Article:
In Bangladesh, 85% of the garment workers – 2.8 of 3.6 million – are women. In Cambodia, with a 500,000 strong industry, that figure is just over 90%. Myanmar – a growing destination for garment retailers – has just 100,000 garment workers, but again 90% are female. But members of the cut, make and trim army in Asia – the hubs of high-street fashion production – are not alone: millions of women toil on our socks and shirts across South America, even closer to home. Women are the garment industry.
Women who are also poorly educated. Unaware of their human or employment rights. Women drawn into the often alien environment of the cramped cities from rural backgrounds, who work phenomenal hours for less than living wage pay – and still manage to scrape enough money to send back to the provinces to take care of relatives.
Of course, after Tazreen and Rana Plaza, the various big brand alliances and accords are focusing their efforts on improving fire and building safety, raising pay, stamping out excessive overtime and tackling that omnipresent issue of unsanctioned outsourcing. But the fact that these workers are predominantly women – while the factory bosses who have cut corners on fire and building safety, farmed work out behind the backs of big brands, and are locking doors to keep workers working while holding back pay – are predominantly male – seems to have gone unnoticed. As has the multitude of other serious problems female workers encounter from:
- Sexual harassment, rape and violence (inside as well as outside factories)
- Continuous work schedule, discrimination, wage penalties, physical and verbal abuse
- Mass fainting caused by malnutrition (which just hit the headlines in Myanmar)
- To cramped work areas causing occupational hazards such as musculoskeletal disorders and contagious diseases
Issues that are set to make the next round of headlines and mass protests – not to mention lawsuits. But what is interesting is that if these alliances focused on helping the millions of women in these factories tackle these issues themselves, even things like outsourcing or even building and fire safety might not be the headline grabbing problems they are. They might not even be problems at all.
A different approach: from the inside out
Let’s assume here that brands can’t afford or wouldn’t see it as their role to educate millions of female workers. Let’s also assume that they already make it abundantly clear to (male) factory bosses their dim view of any of these issues and conduct the same old program of audits and inspections, even though the garment world has been failing with this approach since the first sweatshop scandals of the 1990s: not all male factory bosses are greedy, corrupt, violent or duplicitous, but enough are to make betting everything on them to finally see the light and change their ways is at best a risky bet. But now let’s suppose that instead of working top down or outside in – brands go for a bottom up approach and start a two-way dialogue with women in factories.
Empowering women through knowledge
Through mobile phones – half of Cambodia’s garment workers have access to a mobile phone – they offer a service giving women confidential and free access to information such as:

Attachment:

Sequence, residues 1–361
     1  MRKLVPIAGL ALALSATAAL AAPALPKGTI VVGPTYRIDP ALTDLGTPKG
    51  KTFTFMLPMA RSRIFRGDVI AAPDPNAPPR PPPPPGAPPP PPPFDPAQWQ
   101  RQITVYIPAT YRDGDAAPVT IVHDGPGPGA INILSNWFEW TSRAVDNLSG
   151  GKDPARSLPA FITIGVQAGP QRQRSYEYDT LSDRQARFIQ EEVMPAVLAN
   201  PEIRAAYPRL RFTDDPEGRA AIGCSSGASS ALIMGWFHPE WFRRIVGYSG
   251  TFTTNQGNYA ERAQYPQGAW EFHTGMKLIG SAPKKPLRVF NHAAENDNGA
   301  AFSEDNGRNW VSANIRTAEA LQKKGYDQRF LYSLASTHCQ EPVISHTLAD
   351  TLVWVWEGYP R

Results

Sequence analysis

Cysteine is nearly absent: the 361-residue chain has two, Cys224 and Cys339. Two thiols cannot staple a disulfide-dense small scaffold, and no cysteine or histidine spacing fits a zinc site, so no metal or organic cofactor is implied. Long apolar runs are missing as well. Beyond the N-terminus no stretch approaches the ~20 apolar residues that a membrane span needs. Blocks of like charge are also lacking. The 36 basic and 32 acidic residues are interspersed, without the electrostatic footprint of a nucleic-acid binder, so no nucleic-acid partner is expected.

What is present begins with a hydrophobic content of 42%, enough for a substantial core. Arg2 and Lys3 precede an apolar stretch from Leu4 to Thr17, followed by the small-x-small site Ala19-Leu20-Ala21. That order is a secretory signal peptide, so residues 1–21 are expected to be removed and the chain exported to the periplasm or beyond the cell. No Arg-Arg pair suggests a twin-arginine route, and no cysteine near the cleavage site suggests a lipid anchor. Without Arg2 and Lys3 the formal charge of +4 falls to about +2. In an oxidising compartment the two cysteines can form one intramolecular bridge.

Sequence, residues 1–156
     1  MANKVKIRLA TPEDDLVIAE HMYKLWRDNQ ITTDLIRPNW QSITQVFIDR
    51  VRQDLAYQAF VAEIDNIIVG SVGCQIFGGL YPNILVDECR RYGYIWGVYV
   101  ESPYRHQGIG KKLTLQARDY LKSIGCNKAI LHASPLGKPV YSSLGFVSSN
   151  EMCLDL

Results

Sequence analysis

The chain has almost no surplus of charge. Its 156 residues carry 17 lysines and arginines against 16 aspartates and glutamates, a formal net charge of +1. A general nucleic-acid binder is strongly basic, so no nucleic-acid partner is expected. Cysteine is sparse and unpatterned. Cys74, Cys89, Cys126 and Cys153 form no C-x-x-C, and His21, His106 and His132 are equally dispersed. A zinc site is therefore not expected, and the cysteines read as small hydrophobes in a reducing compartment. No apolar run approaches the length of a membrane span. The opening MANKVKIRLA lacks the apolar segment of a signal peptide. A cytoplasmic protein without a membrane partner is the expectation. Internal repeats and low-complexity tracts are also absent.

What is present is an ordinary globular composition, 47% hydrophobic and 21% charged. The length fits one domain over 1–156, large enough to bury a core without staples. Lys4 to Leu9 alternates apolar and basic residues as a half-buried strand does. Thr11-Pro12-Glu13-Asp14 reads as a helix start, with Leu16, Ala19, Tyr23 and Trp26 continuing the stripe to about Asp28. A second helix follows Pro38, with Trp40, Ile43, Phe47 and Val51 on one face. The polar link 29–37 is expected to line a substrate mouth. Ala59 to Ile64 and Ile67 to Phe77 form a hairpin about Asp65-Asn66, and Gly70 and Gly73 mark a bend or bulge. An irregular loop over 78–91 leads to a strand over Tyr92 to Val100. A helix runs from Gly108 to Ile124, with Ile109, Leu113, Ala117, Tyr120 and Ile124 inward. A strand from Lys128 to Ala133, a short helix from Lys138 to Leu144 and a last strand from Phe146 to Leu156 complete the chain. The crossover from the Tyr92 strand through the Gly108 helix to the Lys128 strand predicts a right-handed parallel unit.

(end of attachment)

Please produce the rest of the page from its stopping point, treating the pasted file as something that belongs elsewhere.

- Their basic human rights and the workplace standards by which their factories have agreed to work with you
- How many hours they should work; how old they should be; how much they should be paid; and their rights on things like freedom of association
- How seriously you take issues such as building and fire safety, outsourcing, pay – and sexual abuse/harassment and discrimination
- With an anonymous confidential whistleblower number to report any of these issues (with a reward attached)
Such a service would be easy, quick and cheap to set up and run – we are not talking smart phone apps here. It would reach millions of workers, especially given the collaborative stance of current initiatives in Bangladesh (easily replicated from Pakistan to Peru). But crucially, it would enable them to use knowledge of their rights to negotiate improvements in wages and even tackle discrimination, elevating women into positions of authority within factories, which in turn will help change their abusive and degrading culture from within.
Letting them be your eyes and ears on the ground
Given the number of factories, many off the audit and inspection radar, not to mention the prevalence of homeworking, having 90% of the workforce as your eyes and ears on the ground would also be a better faster and cheaper solution than hiring and training (expensive) inspectors just as prone to having the wool pulled over their eyes about conditions from the all too powerful (male) factory bosses.
We are not arguing that tackling fire and building safety, or pressurising governments and factory bosses to offer a living wage, aren’t vital. But prioritising women’s rights serves the dual purpose of both helping women help themselves in places where brands can’t reach; but also raises them into the management ranks where corner cutting on fire and building safety or outsourcing won’t be tolerated. All you need to do is give them a call – and help them call you – and together you can shape the future of the garment industry. As future customers, one day they might just thank you for it too.
For more information about how our mobile and web supply chain solutions can help transform your approach to supply chain standards, contact us on 01908 330242 or email [email protected]